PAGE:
It's been a long-held belief that people vote based on gender.
This argument brings us in all kinds of directions. You get people saying women only vote for women because of a special vagina bond, and you get people saying men don't vote for women because of sexism. This belief is where Donald Trump's accusation that Hillary Clinton is using the "woman card" comes from.
I'll admit I've long stood by the old adage that sexism exists and alters people's voting decisions. But according to new research, that's apparently not quite true.
Kathleen Dolan wrote the book, "When Does Gender Matter? Women Candidates and Gender Stereotypes in American Elections" and revealed a few interesting things. The answer to that titular question? Not often.
Dolan told the Washington Post that while people will vote along gender lines while using hypothetical situations, they won't do it when faced with real-world choices.
During the 2010 elections, Dolan conducted two surveys. She found that people mostly don't use gender as a factor while deciding who to vote for. She said,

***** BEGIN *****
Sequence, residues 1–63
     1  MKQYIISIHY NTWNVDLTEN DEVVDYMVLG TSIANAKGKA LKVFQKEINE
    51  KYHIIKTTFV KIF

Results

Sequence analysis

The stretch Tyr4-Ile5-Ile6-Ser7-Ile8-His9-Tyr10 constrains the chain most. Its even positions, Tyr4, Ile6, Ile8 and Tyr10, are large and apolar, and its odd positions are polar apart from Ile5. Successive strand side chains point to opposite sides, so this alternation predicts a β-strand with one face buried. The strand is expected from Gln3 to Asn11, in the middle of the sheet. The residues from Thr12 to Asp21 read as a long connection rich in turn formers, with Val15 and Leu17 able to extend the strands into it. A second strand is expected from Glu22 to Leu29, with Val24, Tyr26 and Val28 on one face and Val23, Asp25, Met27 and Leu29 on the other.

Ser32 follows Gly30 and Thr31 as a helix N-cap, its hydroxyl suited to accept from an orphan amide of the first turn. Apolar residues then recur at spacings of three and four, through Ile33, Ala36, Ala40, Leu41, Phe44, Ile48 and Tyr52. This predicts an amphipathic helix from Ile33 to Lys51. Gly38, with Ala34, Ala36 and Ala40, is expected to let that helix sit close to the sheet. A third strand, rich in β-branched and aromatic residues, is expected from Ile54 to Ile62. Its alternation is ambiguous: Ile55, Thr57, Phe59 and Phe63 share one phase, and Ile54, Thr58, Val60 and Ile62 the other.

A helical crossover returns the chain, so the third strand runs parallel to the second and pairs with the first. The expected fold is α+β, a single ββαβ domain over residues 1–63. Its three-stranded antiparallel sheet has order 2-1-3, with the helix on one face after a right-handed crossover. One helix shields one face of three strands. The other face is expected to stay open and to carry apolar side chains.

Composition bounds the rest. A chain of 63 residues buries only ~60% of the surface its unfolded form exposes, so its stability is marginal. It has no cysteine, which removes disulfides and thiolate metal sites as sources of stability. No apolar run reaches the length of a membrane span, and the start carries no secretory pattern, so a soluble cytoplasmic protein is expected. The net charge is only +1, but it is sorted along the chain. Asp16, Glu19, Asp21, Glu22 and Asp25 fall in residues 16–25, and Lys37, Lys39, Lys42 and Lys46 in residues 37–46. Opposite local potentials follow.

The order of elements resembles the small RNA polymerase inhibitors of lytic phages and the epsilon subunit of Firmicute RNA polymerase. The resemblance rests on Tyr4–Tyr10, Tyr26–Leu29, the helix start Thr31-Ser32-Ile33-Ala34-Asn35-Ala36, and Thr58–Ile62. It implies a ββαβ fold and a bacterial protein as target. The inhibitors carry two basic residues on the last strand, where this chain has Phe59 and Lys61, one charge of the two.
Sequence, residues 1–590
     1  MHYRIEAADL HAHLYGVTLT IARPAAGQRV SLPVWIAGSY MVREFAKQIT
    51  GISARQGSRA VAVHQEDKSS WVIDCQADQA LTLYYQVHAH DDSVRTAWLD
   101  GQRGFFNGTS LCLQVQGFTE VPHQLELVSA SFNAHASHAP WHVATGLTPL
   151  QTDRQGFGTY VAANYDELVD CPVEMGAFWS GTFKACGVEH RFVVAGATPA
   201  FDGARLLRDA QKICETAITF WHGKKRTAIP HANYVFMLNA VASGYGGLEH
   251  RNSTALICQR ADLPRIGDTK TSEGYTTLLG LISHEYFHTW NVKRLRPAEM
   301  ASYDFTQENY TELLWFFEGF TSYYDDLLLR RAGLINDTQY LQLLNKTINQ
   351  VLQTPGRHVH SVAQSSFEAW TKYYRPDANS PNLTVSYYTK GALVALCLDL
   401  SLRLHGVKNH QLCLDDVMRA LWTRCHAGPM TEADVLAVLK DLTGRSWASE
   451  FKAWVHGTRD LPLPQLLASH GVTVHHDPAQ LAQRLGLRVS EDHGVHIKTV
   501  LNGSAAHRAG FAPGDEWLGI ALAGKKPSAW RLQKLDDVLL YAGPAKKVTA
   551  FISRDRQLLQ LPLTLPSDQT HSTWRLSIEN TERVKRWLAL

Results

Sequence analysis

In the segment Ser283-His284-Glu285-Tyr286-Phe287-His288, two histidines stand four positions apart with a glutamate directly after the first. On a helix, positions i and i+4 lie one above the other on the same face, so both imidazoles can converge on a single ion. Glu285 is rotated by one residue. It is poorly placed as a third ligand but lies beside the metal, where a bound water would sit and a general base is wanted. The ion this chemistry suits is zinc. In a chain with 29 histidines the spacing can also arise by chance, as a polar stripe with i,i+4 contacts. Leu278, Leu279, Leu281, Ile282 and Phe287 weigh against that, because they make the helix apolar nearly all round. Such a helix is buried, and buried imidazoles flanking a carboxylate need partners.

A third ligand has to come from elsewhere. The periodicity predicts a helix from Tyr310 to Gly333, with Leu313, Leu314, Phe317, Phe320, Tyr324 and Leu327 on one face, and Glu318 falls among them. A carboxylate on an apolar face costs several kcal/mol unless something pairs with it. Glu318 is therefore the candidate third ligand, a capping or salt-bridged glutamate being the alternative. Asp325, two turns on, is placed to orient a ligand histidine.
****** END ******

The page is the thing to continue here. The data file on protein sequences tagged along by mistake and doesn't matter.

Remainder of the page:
Some people may hold gender stereotypes, but they do not employ them when making vote choice decisions.
But there is one factor that is actually a pretty good predictor of who a person will vote for. Dolan said,
[T]he traditional influences on vote choice, namely political party and incumbency, were the most important determinants of vote choice in races with and without female candidates. Respondents in this sample were overwhelmingly likely to vote for the candidate of their party regardless of the sex of the candidate. People vote for women candidates when they share her party, and don't vote for her when they don't.
Basically, gender beliefs still exist. But people don't use them when they vote.
Instead, people look to political party affiliation to decide who to vote for.
And you know what? That's not bad, America. It's really, really not a bad trend to keep.